14:11 03.01.2019

New international sanctions could be imposed on Russia in response to aggression in Black Sea – Klympush-Tsintsadze

2 min read
New international sanctions could be imposed on Russia in response to aggression in Black Sea – Klympush-Tsintsadze

Ukraine's Deputy Prime Minister for European and Euro-Atlantic Integration Ivanna Klympush-Tsintsadze has said new international sanctions may be imposed on the Russian Federation in response to its aggression against the Ukrainian naval vessels near the Kerch Strait that took place on November 25, 2018.

"[Since] Russia's aggressive attack in the Black Sea occurred two weeks before a meeting of the European Council and less than a week before a meeting of the Foreign Affairs Council of the European Union, we managed to get a quick reaction of the [EU-member] countries and their clear stances. Upon provision of all the facts by Ukraine, we received political support both from NATO and the EU, as well as from some partner countries about the inadmissibility of violation of international law by the Russian Federation," Klympush-Tsintsadze said in an exclusive interview with the Kyiv-based Interfax-Ukraine news agency.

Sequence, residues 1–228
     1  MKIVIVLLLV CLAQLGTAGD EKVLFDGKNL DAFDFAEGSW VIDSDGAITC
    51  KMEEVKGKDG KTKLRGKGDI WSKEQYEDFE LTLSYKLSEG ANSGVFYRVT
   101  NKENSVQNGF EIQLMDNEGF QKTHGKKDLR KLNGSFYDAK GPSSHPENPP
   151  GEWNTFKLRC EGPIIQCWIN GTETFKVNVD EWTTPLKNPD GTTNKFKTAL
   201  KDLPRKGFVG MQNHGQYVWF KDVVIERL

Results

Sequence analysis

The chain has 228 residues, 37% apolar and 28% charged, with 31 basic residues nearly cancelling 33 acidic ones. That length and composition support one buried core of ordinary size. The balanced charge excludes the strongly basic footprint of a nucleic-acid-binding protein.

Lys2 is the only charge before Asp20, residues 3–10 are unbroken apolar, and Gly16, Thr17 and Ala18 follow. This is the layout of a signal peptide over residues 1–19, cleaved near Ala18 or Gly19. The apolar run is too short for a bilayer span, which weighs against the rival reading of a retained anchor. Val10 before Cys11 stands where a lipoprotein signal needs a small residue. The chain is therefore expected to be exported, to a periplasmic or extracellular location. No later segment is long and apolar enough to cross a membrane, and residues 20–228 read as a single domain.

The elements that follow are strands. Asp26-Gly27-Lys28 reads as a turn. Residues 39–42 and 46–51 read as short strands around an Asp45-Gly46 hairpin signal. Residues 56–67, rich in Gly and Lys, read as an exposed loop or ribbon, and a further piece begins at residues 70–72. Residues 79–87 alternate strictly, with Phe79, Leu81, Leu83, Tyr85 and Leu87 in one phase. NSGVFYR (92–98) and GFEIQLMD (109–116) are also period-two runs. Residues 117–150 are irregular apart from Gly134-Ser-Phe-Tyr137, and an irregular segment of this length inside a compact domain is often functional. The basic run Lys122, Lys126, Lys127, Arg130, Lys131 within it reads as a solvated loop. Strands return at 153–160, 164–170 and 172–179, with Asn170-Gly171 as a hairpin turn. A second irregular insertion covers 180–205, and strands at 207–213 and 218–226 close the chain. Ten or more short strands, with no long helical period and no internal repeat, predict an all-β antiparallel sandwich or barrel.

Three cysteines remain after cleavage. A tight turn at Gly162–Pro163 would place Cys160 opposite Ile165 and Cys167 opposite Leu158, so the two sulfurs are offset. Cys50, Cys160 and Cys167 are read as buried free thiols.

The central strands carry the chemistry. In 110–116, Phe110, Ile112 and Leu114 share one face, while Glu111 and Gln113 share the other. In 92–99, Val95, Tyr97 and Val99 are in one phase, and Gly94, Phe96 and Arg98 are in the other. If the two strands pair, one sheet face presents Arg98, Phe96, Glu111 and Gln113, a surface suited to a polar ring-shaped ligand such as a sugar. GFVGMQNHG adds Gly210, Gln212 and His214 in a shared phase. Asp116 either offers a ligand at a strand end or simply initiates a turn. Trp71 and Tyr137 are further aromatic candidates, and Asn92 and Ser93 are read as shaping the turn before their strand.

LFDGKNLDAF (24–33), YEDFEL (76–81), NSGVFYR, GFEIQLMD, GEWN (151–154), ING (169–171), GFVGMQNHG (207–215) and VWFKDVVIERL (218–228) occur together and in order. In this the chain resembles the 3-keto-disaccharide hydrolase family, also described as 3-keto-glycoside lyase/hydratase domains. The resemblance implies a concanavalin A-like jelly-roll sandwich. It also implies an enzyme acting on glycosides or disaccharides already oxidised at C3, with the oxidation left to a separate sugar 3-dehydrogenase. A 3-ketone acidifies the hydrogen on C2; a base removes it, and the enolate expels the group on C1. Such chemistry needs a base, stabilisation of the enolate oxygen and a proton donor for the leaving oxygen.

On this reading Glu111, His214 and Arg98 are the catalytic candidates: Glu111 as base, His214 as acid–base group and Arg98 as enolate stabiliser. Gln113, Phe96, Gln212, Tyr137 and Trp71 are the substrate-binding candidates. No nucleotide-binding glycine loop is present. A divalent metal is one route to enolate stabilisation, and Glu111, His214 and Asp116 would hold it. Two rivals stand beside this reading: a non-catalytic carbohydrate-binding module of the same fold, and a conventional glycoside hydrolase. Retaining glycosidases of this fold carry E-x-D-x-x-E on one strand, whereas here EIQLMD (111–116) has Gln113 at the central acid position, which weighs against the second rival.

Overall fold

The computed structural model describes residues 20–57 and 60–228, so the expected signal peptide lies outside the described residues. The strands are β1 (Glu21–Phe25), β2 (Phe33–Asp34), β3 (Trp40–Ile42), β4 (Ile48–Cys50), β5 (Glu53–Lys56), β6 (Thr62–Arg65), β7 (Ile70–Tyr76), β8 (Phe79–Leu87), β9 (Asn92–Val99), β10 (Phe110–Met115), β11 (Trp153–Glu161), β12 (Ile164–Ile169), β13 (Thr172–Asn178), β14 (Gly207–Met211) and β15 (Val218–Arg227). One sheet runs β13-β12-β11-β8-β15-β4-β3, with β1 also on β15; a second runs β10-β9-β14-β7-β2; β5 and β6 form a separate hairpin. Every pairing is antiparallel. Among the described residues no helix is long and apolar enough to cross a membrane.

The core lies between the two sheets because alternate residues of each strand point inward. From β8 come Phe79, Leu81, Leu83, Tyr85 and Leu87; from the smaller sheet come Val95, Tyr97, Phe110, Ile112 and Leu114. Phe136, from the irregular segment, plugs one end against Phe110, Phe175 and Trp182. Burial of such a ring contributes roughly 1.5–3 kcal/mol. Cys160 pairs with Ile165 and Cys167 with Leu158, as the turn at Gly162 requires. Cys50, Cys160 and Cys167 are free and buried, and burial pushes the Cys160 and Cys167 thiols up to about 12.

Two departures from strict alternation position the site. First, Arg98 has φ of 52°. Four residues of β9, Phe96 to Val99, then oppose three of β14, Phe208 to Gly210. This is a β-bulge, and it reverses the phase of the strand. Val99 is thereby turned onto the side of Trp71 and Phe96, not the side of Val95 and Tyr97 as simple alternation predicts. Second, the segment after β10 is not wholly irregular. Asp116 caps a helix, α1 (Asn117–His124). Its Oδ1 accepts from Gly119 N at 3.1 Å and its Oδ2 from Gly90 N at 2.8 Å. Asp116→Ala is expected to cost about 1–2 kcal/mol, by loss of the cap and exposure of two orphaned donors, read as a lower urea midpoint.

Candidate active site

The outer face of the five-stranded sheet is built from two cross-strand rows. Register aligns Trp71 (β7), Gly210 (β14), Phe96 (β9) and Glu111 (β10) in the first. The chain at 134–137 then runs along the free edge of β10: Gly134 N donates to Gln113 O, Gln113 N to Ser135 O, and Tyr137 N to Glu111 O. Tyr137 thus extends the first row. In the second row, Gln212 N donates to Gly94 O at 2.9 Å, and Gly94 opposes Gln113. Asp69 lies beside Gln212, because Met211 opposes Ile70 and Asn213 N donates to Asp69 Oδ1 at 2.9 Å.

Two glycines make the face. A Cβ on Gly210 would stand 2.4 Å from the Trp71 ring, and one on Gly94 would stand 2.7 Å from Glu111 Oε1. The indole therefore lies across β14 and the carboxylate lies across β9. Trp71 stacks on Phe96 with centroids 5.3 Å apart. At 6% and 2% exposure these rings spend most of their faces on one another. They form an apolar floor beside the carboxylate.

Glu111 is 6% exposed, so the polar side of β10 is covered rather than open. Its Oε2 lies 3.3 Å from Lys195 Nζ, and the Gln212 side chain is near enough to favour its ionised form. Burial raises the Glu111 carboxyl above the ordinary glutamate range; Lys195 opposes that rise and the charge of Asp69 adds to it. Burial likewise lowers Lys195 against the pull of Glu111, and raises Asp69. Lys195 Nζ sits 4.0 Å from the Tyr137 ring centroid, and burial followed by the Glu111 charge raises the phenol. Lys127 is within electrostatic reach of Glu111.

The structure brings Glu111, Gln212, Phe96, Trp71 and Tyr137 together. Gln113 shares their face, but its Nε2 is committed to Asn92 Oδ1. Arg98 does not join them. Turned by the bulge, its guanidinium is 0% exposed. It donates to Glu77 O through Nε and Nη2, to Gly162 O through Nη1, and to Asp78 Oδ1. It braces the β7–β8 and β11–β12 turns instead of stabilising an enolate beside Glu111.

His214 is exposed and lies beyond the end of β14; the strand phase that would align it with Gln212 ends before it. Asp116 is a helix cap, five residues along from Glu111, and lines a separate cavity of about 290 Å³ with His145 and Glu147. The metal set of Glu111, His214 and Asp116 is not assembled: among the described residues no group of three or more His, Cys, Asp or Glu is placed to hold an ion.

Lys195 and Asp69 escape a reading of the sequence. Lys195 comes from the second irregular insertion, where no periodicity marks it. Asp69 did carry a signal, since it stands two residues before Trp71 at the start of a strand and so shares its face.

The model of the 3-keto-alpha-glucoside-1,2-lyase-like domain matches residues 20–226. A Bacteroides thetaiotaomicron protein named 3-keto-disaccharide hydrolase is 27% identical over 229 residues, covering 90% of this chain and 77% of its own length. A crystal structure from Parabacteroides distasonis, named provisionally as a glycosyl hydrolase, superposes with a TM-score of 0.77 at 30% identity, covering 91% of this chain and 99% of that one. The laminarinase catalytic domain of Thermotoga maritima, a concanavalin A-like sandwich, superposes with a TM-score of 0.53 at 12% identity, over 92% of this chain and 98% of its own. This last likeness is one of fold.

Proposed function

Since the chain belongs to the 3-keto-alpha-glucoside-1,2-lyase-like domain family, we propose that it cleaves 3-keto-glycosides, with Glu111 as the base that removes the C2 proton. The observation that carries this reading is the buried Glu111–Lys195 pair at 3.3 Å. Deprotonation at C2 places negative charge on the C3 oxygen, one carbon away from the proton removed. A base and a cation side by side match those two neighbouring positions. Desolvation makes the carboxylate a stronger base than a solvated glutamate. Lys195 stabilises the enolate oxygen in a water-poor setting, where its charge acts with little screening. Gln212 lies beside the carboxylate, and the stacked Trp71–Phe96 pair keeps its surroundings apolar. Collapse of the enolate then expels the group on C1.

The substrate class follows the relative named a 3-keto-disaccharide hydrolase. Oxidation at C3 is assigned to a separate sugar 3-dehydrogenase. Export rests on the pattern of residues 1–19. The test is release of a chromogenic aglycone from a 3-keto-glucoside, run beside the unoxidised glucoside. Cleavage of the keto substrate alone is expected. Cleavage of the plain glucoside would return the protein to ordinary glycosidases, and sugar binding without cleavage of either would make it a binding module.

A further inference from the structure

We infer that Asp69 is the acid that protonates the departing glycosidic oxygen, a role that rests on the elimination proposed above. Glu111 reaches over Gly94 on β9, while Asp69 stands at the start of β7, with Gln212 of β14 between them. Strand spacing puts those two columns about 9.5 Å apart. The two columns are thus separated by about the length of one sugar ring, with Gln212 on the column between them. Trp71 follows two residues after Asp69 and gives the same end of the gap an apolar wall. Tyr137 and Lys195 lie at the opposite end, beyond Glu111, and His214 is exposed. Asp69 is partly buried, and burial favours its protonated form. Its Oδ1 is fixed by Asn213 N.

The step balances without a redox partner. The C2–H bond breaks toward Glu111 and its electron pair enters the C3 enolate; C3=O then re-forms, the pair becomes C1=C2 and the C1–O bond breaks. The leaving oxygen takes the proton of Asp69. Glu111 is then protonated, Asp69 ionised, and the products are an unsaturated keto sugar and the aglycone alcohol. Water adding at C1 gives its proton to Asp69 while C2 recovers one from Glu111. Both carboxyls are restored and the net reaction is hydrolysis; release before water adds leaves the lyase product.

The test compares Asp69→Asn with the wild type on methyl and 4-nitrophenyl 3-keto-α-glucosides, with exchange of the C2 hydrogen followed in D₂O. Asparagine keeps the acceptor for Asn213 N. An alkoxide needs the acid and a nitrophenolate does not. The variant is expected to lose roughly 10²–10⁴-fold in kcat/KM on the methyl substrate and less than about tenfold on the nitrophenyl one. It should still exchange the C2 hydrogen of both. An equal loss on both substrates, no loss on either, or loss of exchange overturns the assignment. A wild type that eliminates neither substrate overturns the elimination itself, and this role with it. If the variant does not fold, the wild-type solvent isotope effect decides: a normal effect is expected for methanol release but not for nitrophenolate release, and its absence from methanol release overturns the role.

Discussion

She said that as a result, sanctions on Russia were extended without additional discussions for its failure to fulfill the Minsk agreements on settling the situation in the east of Ukraine and new sanctions were approved in response to the illegitimate elections in Russia-occupied territories.

"I cannot rule out new sanctions on Russia may be imposed. This needs to be done so that the Kremlin would not enjoy impunity for such an audacious step," the deputy prime minister said.

Also, she said Russia's failure to recognize the Ukrainian naval seamen as prisoners of war and its unwillingness to engage at least in humanitarian cooperation to allow international organizations to get access to them may encourage European countries to return to discussions about the need for sanctions in response to that attack.

"Of course, we will continue to insist that this behavior cannot go unpunished," Klympush-Tsintsadze said.

At the same time, she forecasts that Russia will conti

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